Singapore's JWT creative agency collaborated with Swiss fragrance company Givaudan to create "smell kits" that, when given to Alzheimer's and dementia patients, help them remember younger, better days.
Microbiology students at Penn State-Erie treated the handles with a silver-based compound and found that they successfully killed bacteria transferred to them from a person's hand.
Partners HealthCare's new system may be one of the first in the nation to wirelessly populate official electronic health records with data collected by an increasing number of remote home monitoring devices.
University of California-San Diego researchers have created a wearable biosensor that measures lactate levels in sweat in real time. Future iterations could transmit data to a smartphone app via Bluetooth.
The sensor knows: Taiwanese researchers have created a prototype of an implantable device that may one day give dentists and others insights on patients' oral habits and hygiene.
Each time it's used, the device communicates with an iPhone app that keeps track and posts the user's progress to a Twitter account named TweetingCiggy.
In this video, Dr. Ainissa Ramirez explains some of the science behind ice cream.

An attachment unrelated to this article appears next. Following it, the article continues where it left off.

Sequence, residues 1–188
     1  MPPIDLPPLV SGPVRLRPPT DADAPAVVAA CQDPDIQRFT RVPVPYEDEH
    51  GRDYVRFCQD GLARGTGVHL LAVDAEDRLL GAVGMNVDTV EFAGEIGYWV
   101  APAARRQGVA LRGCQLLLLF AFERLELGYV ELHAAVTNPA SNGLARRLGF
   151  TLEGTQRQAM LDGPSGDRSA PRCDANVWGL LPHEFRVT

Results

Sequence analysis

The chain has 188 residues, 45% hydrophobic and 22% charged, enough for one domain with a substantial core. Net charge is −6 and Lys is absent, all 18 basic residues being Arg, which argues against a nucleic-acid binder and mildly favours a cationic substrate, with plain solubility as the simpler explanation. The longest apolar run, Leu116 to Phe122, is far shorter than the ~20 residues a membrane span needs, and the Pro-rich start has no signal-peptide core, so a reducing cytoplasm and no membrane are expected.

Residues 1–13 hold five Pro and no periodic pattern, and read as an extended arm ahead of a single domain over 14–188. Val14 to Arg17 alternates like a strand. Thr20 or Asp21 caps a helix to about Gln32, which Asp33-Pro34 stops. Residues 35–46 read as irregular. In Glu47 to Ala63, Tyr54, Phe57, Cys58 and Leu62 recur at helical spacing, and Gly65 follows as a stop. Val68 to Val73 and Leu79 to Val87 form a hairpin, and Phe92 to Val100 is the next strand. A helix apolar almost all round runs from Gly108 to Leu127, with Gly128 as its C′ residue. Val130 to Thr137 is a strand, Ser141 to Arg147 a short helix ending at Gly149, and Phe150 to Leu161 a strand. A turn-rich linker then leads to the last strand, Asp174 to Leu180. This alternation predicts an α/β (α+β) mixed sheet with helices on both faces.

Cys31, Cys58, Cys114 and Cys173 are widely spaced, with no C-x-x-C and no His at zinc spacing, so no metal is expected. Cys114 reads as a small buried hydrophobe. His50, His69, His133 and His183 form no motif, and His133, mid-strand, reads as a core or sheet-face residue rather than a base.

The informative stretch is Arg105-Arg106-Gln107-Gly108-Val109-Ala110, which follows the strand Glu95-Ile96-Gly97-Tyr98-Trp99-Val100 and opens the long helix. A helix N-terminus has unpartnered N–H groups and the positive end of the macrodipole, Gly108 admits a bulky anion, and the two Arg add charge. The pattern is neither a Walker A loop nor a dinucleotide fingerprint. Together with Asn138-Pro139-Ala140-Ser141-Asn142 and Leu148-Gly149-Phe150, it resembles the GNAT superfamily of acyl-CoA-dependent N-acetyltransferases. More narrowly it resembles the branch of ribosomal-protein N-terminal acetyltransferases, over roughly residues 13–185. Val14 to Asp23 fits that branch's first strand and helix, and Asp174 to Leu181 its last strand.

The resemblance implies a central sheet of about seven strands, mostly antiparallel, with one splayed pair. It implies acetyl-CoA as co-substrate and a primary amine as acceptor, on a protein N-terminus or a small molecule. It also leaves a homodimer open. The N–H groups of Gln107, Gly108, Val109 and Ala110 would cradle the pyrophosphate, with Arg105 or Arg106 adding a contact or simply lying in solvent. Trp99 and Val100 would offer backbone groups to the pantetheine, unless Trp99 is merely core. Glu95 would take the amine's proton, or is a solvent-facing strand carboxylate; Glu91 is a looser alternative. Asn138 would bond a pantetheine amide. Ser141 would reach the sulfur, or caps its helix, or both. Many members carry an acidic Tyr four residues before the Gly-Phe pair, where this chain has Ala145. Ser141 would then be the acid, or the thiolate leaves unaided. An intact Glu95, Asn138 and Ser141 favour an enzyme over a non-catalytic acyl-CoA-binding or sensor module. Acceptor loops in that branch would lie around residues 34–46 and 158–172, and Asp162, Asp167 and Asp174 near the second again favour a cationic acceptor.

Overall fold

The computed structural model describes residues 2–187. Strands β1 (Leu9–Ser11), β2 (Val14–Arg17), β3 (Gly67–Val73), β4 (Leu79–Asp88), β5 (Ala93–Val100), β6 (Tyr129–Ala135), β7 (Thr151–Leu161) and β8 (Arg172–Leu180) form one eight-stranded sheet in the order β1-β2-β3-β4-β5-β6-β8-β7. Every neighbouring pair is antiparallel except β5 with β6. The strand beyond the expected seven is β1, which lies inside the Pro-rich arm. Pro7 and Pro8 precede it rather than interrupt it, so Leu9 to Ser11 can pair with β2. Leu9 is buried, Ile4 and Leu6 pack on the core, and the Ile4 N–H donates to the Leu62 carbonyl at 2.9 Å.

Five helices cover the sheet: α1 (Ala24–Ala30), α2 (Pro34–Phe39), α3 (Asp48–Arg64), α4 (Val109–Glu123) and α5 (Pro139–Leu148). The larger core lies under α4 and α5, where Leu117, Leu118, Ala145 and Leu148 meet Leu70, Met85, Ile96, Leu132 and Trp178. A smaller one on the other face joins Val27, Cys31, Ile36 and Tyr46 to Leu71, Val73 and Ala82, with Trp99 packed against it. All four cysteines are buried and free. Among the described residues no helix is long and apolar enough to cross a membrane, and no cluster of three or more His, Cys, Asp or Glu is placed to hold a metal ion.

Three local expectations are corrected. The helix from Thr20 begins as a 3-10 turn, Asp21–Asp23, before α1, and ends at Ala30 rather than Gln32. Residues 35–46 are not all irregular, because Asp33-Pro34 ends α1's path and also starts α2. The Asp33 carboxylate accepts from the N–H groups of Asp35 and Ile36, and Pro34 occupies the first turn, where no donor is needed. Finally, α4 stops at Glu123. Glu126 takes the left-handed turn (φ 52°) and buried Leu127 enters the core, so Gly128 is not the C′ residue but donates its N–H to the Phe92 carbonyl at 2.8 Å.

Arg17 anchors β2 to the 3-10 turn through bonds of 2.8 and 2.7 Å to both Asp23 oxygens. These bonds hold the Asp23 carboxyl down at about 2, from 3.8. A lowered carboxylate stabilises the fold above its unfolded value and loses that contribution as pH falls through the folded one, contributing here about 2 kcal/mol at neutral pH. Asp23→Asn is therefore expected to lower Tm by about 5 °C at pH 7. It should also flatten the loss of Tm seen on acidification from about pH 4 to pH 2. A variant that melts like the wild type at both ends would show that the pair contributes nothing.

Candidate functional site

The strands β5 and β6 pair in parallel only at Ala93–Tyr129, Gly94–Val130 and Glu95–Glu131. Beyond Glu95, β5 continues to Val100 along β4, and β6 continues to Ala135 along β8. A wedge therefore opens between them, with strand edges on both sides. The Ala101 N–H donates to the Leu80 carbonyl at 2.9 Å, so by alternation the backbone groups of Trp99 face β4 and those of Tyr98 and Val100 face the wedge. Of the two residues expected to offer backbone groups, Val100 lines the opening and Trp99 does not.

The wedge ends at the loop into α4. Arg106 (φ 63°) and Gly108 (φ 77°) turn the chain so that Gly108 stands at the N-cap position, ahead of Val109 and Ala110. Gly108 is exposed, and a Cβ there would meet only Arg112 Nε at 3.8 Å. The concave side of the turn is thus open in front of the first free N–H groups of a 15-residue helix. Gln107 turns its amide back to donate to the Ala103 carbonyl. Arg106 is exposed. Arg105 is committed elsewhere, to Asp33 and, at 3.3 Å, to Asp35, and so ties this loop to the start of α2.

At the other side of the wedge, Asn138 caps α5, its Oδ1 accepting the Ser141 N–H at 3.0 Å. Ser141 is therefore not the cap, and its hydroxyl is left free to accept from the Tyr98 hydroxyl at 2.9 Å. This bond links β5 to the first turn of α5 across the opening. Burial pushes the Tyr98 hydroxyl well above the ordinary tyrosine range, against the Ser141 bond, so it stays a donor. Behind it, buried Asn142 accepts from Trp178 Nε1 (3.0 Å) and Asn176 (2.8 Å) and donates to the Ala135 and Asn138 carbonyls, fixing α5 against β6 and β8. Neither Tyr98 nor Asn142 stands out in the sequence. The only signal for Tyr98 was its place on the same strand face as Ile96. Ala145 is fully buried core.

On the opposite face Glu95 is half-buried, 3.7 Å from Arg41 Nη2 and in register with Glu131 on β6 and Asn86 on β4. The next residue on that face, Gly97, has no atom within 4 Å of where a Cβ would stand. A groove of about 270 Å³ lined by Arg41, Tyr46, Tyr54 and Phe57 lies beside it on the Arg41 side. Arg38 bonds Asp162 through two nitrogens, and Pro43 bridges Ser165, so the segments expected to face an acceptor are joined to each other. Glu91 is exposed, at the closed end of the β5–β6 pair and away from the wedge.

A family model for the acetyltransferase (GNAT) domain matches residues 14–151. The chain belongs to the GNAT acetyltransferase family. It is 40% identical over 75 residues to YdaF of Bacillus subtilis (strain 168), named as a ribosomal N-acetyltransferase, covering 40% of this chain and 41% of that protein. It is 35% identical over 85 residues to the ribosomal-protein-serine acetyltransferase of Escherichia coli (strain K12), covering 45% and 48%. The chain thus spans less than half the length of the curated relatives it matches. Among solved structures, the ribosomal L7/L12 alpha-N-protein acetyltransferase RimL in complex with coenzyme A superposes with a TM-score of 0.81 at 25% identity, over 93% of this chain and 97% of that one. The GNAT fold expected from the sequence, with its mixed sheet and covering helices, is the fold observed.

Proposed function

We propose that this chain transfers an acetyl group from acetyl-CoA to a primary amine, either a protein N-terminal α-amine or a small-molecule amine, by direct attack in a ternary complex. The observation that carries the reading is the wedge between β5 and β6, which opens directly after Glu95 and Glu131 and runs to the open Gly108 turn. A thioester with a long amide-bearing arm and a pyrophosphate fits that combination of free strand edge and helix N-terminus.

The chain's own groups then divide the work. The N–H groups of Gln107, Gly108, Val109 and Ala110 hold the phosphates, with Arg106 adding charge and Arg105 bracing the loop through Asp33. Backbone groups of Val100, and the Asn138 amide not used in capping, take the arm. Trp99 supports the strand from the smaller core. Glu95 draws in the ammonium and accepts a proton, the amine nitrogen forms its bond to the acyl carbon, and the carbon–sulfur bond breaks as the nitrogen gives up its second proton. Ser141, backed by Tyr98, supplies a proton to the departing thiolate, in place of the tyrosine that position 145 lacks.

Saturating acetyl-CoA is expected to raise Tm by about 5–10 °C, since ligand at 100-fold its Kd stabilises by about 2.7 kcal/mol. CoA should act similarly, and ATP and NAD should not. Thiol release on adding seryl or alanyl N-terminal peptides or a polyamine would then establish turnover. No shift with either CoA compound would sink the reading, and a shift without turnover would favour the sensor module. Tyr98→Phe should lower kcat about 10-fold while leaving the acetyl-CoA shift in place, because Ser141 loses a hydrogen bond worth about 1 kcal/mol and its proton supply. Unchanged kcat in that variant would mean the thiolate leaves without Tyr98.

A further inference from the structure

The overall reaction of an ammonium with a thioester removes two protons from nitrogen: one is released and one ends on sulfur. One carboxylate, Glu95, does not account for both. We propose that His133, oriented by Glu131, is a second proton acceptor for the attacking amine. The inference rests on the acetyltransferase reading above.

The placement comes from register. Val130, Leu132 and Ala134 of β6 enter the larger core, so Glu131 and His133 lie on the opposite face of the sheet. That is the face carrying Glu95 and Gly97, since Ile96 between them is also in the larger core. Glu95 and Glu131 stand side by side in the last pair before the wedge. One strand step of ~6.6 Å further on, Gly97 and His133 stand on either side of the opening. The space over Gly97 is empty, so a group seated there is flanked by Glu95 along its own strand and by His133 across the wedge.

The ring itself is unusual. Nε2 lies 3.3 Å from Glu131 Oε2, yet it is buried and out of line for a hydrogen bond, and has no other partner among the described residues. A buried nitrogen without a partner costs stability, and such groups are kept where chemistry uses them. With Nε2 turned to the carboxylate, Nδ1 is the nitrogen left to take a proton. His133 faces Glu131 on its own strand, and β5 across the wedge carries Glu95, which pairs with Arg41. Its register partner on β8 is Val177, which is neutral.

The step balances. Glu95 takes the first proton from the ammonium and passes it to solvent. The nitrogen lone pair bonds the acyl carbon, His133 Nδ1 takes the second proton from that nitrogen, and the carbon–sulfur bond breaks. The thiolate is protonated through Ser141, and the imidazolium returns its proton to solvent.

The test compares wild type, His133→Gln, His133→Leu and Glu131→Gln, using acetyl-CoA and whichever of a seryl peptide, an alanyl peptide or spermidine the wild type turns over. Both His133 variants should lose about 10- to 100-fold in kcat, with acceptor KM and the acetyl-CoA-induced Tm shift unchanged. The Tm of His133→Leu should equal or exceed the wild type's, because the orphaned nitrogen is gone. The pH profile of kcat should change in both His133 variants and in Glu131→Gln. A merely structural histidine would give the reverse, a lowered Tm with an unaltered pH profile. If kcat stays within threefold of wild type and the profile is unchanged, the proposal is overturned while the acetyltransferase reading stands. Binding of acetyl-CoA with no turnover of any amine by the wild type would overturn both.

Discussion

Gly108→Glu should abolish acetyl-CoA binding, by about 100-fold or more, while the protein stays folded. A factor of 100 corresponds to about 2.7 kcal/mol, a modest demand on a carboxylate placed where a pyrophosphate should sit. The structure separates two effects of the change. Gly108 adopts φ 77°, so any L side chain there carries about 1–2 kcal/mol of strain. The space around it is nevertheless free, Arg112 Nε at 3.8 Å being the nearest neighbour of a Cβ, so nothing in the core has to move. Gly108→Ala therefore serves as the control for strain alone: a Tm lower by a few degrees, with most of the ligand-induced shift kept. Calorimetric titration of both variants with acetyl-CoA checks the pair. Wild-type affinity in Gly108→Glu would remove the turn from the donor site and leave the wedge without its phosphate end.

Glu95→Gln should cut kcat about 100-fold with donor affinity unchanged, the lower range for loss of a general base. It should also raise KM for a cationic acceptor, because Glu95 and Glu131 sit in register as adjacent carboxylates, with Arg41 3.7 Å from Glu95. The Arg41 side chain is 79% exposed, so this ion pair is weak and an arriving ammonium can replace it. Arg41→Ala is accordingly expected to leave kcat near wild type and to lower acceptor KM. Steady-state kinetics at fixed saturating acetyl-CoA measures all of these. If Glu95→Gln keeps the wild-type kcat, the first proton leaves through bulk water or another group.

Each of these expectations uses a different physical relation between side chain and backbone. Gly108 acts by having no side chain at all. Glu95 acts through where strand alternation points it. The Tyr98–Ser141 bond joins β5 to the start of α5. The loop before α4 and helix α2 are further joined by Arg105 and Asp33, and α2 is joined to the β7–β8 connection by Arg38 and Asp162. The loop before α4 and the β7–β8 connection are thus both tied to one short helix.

Spreading misinformation about vaccinations can have deadly consequences.
The regenerative abilities of flatworms allow them to regrow their memories.
Long assumed to be a sterile environment, Lake Vostok may very well host a living ecosystem, according to a new study. If life exists there, it may exist on other planets with similar conditions.
This week the country's assembly voted to institute an opt-out policy for people who don't want their organs donated upon their death. The measure was passed in response to an acute organ shortage.
Rich Lee took an online DIY tutorial into the realm of body modification...and not having to worry about losing headphones is just one of the reasons.
Despite data indicating that rhesus macaques exhibit many of the same traits that caused the recent reconsideration of chimpanzee use in research, it's unlikely that another scaling-back will take place any time soon.
A plastic pollution survey of the Great Lakes revealed that three of the five contain dangerously high concentrations of "perfectly spherical plastic balls" of the type found in face and body scrubs.